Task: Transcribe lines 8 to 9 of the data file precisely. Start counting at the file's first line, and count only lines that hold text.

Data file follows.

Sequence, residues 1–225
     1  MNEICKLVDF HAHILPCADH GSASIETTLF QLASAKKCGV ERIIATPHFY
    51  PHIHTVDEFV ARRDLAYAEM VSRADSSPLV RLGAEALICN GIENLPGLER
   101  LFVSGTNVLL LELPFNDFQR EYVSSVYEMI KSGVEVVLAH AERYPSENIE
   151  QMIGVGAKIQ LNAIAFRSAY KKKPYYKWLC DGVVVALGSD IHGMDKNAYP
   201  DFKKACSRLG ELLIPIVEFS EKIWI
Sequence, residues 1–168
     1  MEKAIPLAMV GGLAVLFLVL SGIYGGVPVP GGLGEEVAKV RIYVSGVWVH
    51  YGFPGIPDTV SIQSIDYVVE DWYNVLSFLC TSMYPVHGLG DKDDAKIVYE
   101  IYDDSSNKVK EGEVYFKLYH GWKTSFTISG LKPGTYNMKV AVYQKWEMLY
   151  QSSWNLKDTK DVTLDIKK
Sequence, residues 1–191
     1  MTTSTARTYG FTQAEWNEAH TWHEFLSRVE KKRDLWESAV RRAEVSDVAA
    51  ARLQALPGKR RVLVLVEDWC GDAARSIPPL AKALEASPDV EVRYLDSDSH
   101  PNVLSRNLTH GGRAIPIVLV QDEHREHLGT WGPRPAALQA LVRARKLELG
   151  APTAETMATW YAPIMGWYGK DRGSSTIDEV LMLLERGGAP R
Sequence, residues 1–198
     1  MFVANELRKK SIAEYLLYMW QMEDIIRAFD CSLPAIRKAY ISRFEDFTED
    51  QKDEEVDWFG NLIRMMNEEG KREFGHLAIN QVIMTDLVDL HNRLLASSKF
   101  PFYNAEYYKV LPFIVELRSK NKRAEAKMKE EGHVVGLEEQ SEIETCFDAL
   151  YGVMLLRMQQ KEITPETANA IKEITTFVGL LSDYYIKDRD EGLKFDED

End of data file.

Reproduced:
     1  MEKAIPLAMV GGLAVLFLVL SGIYGGVPVP GGLGEEVAKV RIYVSGVWVH
    51  YGFPGIPDTV SIQSIDYVVE DWYNVLSFLC TSMYPVHGLG DKDDAKIVYE